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Honk If You Want to Be Mayor

What the congestion-pricing debate tells us about city politics after Bloomberg

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Their positions on congestion pricing were of course formed by dispassionate, unselfish policy analysis and deeply held convictions about the merits of Mayor Bloomberg’s plan. Yet four major declared or assumed 2009 mayoral candidates also had one eye focused on their own political futures as the mayor pushed the scheme through the City Council and on to Albany.

The calculations revealed a larger insight, too: After fourteen years of being led by political anomalies—a Republican prosecutor, a billionaire media mogul—we’re returning to traditional candidates. Each of the contenders viewed congestion pricing largely through the conventional Manhattan-versus-outer-­borough prism. But the front-runner will be the candidate who best grasps that the city has changed drastically in the past two decades, and that the old rules don’t apply so neatly anymore.


Cars Courtesy of Bruce Benedict  

Tony Avella
Avella represents northeast Queens and believes his middle-class constituents would get hit hard by the mayor’s plan. He’s also an obscure pol, and attacking CP allowed him to grab attention while promoting his anti-tax agenda. But he may have gone around the bend, ranting about routine horse-trading for council members’ votes. “If you use taxpayer dollars to get a council member to vote one way, that’s a bribe,” Avella charges. “It may not go into his or her pocket, but it’s still a bribe.”


Bill Thompson
The city comptroller has been mildly supportive of congestion pricing, though he’s always been careful to attach caveats. But he was noticeably quiet during the City Council debate, only issuing a letter of endorsement after CP went to Albany. That caution is in keeping both with Thompson’s political temperament and his divided Brooklyn-Manhattan political ties. Yet it was also part of a tactical judgment: Why take a bold stance on something that might never happen?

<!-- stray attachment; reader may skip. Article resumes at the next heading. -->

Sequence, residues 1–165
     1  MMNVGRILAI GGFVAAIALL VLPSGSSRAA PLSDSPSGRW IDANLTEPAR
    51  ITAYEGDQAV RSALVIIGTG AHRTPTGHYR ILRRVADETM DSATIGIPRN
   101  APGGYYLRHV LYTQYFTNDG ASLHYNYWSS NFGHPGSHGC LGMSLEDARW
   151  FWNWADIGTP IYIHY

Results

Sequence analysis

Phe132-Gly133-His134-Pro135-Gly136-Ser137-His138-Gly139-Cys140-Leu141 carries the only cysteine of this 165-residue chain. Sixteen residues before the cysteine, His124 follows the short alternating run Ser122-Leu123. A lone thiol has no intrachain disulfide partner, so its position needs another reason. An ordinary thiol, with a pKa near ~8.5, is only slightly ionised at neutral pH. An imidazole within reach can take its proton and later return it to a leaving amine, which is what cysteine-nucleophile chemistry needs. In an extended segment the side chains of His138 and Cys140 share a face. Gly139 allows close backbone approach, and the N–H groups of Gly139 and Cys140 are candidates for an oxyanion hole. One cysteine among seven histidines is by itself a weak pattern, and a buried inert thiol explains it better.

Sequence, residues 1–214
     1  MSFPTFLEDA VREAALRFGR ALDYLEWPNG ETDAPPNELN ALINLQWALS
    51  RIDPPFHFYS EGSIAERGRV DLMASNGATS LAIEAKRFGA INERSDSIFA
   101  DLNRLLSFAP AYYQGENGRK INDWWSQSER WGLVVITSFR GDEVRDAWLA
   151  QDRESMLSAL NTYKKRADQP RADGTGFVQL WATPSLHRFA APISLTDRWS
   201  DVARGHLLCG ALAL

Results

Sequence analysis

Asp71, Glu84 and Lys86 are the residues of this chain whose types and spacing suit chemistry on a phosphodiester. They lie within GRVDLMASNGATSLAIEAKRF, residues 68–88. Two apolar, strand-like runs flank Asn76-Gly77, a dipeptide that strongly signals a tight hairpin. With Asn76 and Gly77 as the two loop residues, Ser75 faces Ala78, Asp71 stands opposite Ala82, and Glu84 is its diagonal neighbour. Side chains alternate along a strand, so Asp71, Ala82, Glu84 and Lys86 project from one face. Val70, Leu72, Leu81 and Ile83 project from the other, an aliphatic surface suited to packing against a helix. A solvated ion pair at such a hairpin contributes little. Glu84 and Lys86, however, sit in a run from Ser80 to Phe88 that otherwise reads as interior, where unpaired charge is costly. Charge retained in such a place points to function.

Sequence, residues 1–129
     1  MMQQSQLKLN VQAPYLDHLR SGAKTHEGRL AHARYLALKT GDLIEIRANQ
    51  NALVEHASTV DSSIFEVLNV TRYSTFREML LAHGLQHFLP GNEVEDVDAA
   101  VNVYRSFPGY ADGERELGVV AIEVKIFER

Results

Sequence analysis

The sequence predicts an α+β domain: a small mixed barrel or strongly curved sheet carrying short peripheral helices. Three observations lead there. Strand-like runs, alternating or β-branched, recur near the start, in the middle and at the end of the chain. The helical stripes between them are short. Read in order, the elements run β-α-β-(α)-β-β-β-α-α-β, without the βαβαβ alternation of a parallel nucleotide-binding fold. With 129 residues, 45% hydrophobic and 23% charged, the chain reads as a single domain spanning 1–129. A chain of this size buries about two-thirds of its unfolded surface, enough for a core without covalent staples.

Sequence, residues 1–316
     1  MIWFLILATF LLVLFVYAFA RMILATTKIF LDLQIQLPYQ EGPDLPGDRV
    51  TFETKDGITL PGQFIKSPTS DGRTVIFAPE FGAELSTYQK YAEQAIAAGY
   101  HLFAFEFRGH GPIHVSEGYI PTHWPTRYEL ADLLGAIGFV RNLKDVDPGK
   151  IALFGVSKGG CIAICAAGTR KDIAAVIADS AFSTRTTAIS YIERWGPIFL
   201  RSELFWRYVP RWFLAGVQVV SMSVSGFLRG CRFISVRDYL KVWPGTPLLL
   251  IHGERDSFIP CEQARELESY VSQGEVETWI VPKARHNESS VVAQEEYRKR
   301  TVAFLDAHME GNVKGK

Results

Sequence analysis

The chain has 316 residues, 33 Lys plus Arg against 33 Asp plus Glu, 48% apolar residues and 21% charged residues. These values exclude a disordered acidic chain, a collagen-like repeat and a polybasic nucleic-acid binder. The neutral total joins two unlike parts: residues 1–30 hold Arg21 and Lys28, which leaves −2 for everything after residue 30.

Christine Quinn
The council speaker didn’t have the luxury of dodging. So she used last week’s vote to demonstrate leadership on a contentious issue. Quinn did a fine job arm-twisting (even without a slush fund!), adding substance to her political résumé. Plus, wrapping her arms so tightly around CP also earned Quinn a big chit with Bloomberg—as well as the respect of a very powerful, less obvious player in every city Democratic primary: the Times editorial page.


Anthony Weiner
The Queens-Brooklyn congressman, who nearly won an upset in the 2005 Democratic mayoral primary running as a hybrid policy wonk and outer-borough populist, painted CP as a regressive tax and tried to make the esoteric argument that the promise of federal funding is a scam to get the city to pay more of its mass-transit tab. But in the campaign, he’ll cast congestion pricing as Manhattan-centric and elitist, like Quinn. Weiner was thrilled to see her so far out front.

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